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Methodists in his Memoirs. In 1806 he removed from Alvestone to Taunton, the town in which he served his apprenticeship, where he purchased some houses, and expended 30001. in erecting a chapel for the use of the Wesleyan Methodists, to which he added a salary of 150l. per annum for the preacher. In front of this building appears the following inscription :
“This Temple is erected as a monument of God's mercy, in convincing an Infidel of the important Truths of Christianity.
“Man, consult thy whole existence, and be safe.”
The Wesleyan Methodists continued to preach in this chapel. until 1810, when a dispute arose between Mr Lackington and the Conference, respecting the conveyance of the same, according to the Wesleyan scheme of church government, from which the latter could not deviate. The terms upon which the conveyance was required being deemed illiberal by Mr Lackington, he requested the president of the New Connection, named Kilhamites,* to send him a preacher. His request was attended to, and a Mr Henley was despatched to Taunton to preach in Mr Lackington's chapel; and, as he possessed considerable eloquence and abilities, it was much frequented during the year that he officiated. At the expiration of that period, however, being informed that the principles of Mr Henley bordered on Calvinism, Mr Lackington applied once more to the Conference, who sent him a Mr Beaumont, with whom he soon after engaged in a paper war, which at length terminated in the purchase of the chapel by the Wesleyans for 10001. Mr Lackington continued to reside at Taun
* So called from Alexander Kilham, formerly a Wesleyan preacher of some note; but, dissenting from his brethren on the subject of church government, he was expelled the Connection, on which event he raised a society of his own, which has since been called “The New Connection.".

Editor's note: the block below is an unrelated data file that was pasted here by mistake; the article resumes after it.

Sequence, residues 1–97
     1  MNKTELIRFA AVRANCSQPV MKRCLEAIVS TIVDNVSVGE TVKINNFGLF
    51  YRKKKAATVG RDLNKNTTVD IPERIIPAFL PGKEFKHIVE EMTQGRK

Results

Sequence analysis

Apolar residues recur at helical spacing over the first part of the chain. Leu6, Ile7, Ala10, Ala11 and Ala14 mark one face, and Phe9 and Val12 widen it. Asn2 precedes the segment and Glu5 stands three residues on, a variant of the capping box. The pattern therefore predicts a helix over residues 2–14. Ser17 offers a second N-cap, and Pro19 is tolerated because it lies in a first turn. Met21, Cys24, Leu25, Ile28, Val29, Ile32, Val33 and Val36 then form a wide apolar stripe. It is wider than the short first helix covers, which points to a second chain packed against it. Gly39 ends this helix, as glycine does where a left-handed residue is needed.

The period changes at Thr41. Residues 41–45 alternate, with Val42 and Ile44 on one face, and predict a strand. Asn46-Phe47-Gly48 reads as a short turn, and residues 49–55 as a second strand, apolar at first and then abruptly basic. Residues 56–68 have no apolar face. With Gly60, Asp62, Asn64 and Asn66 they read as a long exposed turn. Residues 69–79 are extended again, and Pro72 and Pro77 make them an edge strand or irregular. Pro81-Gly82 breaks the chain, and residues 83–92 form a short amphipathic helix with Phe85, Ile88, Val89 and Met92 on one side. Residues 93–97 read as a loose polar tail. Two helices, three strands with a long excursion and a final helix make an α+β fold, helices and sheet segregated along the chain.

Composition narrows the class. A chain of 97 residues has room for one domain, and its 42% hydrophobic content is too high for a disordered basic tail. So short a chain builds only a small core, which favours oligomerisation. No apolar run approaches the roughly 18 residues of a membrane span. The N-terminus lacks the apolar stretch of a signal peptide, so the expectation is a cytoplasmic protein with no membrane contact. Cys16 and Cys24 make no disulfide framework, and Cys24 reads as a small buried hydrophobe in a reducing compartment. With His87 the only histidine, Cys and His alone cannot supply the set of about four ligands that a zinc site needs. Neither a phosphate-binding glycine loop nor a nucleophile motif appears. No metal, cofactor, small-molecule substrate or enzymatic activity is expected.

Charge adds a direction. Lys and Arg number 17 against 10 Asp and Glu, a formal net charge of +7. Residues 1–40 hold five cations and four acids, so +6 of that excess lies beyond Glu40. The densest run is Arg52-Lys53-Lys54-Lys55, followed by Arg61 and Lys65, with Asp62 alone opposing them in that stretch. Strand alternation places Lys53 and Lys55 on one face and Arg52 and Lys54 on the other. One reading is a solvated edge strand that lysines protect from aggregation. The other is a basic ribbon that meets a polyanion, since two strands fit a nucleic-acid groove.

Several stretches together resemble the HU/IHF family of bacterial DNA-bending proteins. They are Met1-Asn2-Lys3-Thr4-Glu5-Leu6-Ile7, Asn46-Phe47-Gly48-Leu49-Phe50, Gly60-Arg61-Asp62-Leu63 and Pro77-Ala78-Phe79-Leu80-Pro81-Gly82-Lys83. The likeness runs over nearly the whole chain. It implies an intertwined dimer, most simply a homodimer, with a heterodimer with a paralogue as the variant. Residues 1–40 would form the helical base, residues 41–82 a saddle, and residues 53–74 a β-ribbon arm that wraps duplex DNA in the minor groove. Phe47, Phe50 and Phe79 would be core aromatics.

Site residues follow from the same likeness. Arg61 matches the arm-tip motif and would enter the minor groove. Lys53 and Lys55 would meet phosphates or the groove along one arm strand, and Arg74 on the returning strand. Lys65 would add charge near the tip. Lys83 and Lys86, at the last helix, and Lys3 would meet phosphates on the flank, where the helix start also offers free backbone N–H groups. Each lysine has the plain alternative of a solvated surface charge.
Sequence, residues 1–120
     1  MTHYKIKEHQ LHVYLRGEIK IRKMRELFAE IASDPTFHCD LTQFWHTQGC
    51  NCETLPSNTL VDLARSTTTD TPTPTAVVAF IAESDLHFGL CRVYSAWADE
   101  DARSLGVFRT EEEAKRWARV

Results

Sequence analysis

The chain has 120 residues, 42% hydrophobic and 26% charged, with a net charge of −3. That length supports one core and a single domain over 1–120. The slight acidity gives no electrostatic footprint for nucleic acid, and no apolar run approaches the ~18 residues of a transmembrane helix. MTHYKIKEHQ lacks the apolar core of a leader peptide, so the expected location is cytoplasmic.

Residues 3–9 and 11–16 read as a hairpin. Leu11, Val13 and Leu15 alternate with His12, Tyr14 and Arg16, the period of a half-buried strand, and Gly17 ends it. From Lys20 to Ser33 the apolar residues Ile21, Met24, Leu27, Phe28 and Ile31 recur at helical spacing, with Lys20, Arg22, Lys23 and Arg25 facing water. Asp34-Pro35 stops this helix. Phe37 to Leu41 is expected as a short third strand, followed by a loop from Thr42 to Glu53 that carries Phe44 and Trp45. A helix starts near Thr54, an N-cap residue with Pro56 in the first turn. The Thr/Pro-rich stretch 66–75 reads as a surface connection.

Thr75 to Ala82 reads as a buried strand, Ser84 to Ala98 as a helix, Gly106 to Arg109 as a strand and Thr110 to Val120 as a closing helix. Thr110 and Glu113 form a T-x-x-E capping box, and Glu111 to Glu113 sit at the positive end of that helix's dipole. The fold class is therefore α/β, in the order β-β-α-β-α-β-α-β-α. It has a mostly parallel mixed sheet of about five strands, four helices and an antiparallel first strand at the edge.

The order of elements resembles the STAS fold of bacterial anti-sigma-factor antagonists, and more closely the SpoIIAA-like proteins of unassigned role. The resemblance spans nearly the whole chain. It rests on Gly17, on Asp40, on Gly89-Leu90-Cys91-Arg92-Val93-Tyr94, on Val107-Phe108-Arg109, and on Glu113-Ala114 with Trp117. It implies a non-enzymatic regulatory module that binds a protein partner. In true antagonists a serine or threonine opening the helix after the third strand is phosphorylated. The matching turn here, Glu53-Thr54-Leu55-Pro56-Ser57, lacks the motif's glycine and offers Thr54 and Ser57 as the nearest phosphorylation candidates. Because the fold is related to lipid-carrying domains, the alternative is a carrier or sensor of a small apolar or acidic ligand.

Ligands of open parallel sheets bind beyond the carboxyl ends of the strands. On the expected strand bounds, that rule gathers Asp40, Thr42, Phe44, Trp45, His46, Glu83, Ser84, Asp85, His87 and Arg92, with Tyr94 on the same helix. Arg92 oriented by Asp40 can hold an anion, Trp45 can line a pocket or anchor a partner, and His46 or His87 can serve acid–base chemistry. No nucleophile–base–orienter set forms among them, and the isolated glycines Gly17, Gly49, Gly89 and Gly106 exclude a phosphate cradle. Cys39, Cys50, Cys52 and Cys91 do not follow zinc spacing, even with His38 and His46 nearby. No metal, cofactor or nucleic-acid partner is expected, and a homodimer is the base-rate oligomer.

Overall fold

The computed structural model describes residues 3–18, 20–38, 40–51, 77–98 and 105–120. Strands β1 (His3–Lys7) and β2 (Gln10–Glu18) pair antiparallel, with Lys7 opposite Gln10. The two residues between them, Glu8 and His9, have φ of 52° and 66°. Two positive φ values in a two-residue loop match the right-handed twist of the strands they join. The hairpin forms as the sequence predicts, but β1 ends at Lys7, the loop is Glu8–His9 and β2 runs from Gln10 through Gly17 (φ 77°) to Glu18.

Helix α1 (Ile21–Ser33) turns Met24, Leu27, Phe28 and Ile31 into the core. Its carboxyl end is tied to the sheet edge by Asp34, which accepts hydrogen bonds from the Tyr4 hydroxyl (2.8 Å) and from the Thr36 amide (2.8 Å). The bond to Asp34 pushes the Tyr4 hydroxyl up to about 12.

ton for two years longer, when his health declining, he determined to live by the sea-side, and finally chose Budleigh Sulterton, in Devonshire, for his future abode. Here he built another chapel, which cost him 20001., and appointed Mr Hawkey, a retired captain in the army, whose father had been recorder of Exeter, his minister, with a salary of 1501. per annum. This salary, with the use of the chapel, Mr Hawkey was to enjoy for his life, after which, the latter was to fall to the Wesleyan connection, and the money appropriated to secure the salary to be divided among the donor's relations.
Soon after this event the health of the eccentric subject of this little volume rapidly declined, and he became subject to epileptic fits. These were succeeded by apoplexy and paralysis, under the effect of which he survived longer than might have been expected, until at length his decease took place on the 22nd of November 1815, in the seventieth year of his age, and his remains were interred in Budleigh church-yard.
It is easy to find more important autobiographies than that of this pertinacious bookseller, sceptic and methodist, but few are more lively, curious, or characteristic.